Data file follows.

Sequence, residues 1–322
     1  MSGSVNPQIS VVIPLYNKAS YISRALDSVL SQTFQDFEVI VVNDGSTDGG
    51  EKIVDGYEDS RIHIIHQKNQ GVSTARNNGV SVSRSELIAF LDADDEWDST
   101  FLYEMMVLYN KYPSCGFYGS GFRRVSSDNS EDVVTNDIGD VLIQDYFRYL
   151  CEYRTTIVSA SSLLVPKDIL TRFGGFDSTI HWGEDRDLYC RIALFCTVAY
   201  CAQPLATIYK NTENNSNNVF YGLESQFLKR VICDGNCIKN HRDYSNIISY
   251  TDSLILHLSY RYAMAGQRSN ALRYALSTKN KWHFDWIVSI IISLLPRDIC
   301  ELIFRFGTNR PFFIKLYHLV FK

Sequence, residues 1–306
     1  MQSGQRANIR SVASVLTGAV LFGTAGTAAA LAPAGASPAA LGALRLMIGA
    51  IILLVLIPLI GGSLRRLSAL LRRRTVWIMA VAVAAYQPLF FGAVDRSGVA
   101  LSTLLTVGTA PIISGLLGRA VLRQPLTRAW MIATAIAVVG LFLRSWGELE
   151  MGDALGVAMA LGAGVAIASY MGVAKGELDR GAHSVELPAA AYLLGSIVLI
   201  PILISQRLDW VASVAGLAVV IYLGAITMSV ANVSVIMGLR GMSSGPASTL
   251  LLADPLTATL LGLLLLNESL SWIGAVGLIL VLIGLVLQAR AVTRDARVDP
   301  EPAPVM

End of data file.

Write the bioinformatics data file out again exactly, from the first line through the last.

Sequence, residues 1–322
     1  MSGSVNPQIS VVIPLYNKAS YISRALDSVL SQTFQDFEVI VVNDGSTDGG
    51  EKIVDGYEDS RIHIIHQKNQ GVSTARNNGV SVSRSELIAF LDADDEWDST
   101  FLYEMMVLYN KYPSCGFYGS GFRRVSSDNS EDVVTNDIGD VLIQDYFRYL
   151  CEYRTTIVSA SSLLVPKDIL TRFGGFDSTI HWGEDRDLYC RIALFCTVAY
   201  CAQPLATIYK NTENNSNNVF YGLESQFLKR VICDGNCIKN HRDYSNIISY
   251  TDSLILHLSY RYAMAGQRSN ALRYALSTKN KWHFDWIVSI IISLLPRDIC
   301  ELIFRFGTNR PFFIKLYHLV FK

Sequence, residues 1–306
     1  MQSGQRANIR SVASVLTGAV LFGTAGTAAA LAPAGASPAA LGALRLMIGA
    51  IILLVLIPLI GGSLRRLSAL LRRRTVWIMA VAVAAYQPLF FGAVDRSGVA
   101  LSTLLTVGTA PIISGLLGRA VLRQPLTRAW MIATAIAVVG LFLRSWGELE
   151  MGDALGVAMA LGAGVAIASY MGVAKGELDR GAHSVELPAA AYLLGSIVLI
   201  PILISQRLDW VASVAGLAVV IYLGAITMSV ANVSVIMGLR GMSSGPASTL
   251  LLADPLTATL LGLLLLNESL SWIGAVGLIL VLIGLVLQAR AVTRDARVDP
   301  EPAPVM